“The gatekeepers, the so-called legends / Ya boys gonna let the girls play? / Or are they merely ornaments on display?” so states “Leech”, the bold and explosive first single from Dream Wife’s long-awaited third album Social Lubrication. It’s a rock-heavy, call-to-arms for empathy, in a world still propped up by patriarchal systems and underhand codes of silence. “Empathy is what allows us to collaborate, to build things together and to make things that are larger than the individual,” says bassist Bella Podpadec today. “But there is also a lot about modern society that denies us access to that, and teaches us that it’s bad or dangerous.”
These themes – exhaustion with the patriarchy, a rejection of the systems built to contain us – simmer and spit throughout Social Lubrication. On opener “Kick in the Teeth”, a punchy, shameless rock banger, vocalist Rakel Mjöll sings: “I spent so much of this youth questioning my value / Lolita’s all grown up now, who knew?”. Later, on title track “Social Lubrication”, they rally against every shade of “patriarchal bullshit”, from “unsolicited advice regarding behaviour” to gendered violence. “What’s it like to be a woman in music, dear?” sings Rakel over filthy riffs and disco-leaning, electroclash shuffles (think CSS, Be Your Own Pet). “You’d never ask me that if you regarded me as your peer.”
Dream Wife have always been adept at merging the political with the playful, and Social Lubrication is no different. Vital statements are hidden within hot and heavy dancefloor anthems about making out, having fun and staying curious. On silly, sexy stand-out “Hot”, the band wryly poke fun at musicians – including themselves. “Don’t date a musician,” sings Rakel over infectious, B52’s-style drums and jagged, angular melodies. “They’ll think you’re competition / I was never competition, I was just… hot.” Ultimately, much of the album is about lust: sexual lust, lust for life, lust for letting loose, lust in the face of having to be a nice, polite “good girl.” “A ‘good girl’ is not the same as a good person,” says Rakel. “That’s something I’ve had to shed a lot.”
Nowhere is this theme of lust more prominent than on high-octane ode to desire “I Want You” (a “short, sharp song about sex” in the vein of 2018’s “Let’s Make Out”) and hooky, playful punk track “Curious” (“the bisexual, polyamorous anthem we’ve all wanted to write.”) “She loves you but she’s curious about her love for me,” sings Rakel over charged drums and bright, loose guitar, before breaking into a chorus perfect for screaming along to: “I feel too sexy to listen to my friends / I feel too sexy to listen to my friends.” This sense of fun and openness is central to Social Lubrication. “There’s a lot of lust in this album and taking the piss out of yourself and everyone you know,” says Rakel. “It’s almost quite juvenile in that way.”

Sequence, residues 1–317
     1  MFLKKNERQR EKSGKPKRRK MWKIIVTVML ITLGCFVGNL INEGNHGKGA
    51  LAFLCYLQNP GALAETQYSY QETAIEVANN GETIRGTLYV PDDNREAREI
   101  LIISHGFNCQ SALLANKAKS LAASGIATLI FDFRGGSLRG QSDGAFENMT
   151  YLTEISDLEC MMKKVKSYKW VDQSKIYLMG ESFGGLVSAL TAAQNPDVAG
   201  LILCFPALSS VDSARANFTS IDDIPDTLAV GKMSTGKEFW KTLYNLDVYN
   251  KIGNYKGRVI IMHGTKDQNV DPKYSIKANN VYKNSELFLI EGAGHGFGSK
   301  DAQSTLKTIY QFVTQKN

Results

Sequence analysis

Also at the core of the album sits the live show. “The live show is the truth of the band,” says guitarist Alice Go. “That’s at the heart of what we do and of the statements we’re making.” It’s this energetic, pedal-to-the-metal sound which wound up running through Social Lubrication like a live wire. You can hear it via the loud, dirty riffs and choruses built for dancing together in shared spaces. For Alice, who produced the album, it was important to bottle this joyful, frenetic feeling within each song. “We wanted to get that rawness and energy across in a way that hadn’t been done before,” she says. Rakel agrees: “We wanted to release an album that has a lot of kick.” For Bella, the live show is where the seeds of this album really exist. “This is what’s really good and interesting and vital and alive about the space between us.”
Dream Wife have come a long way since their 2018 self-titled debut. Their last album, So When You Gonna… smashed the Official UK Top 20 album charts (the only indie album recorded and produced by all women at the time to do so). They’ve toured internationally, performing at festivals such as Lollapalooza (US), Laneway (AU), Summersonic (JP), Primavera (ES) and Pitchfork (FR) as well as opening for the Rolling Stones at Hyde Park, Garbage, The Kills, Sleigh Bells and Sunflower Bean across North America. Their music has appeared on numerous TV soundtracks and they’ve remixed tracks by Rina Sawyama, Nova Twins, Porridge Radio and more.
Alongside their accolades, however, Dream Wife have always advocated for upholding community on a truly ground level and paying it forward – both in their music and in conversation. Proceeds from direct digital sales of So When You Gonna… went to Black Minds Matter and Gendered Intelligence. In 2021, the band released a megamix for Rainbow Mind, a mental health charity for LGBTQIA people, with contributions from Shirley Manson, The Big Moon, Big Joanie and Girli among others. They also teamed up with non-profit organisations Girls Rock London and the Girls Rock Camp Alliance for the release of Tour Support Reimagined, a mixtape of unsigned acts who supported them on tour.
In that way, Social Lubrication continues this celebration of community and is a middle finger to the societal barriers enforced to severe connection, playfulness, curiosity and sexual empowerment. “Music is one of the only forms of people experiencing an emotion together in a visceral, physical, real way,” says Alice. “It’s cathartic to the systemic issues that are being called out across the board in the record. Music isn’t the cure, but it’s the remedy. Calling the record Social Lubrication harks to that. It’s the positive glue that can create solidarity and community.”
“The album is speaking to systemic problems that cannot be glossed over by lube,” says Bella. “The things named in the songs are symptoms of f-ed up structures. And you can’t fix that. You need to pull it apart.”For tour dates and more visit: dreamwife.bandcamp.com/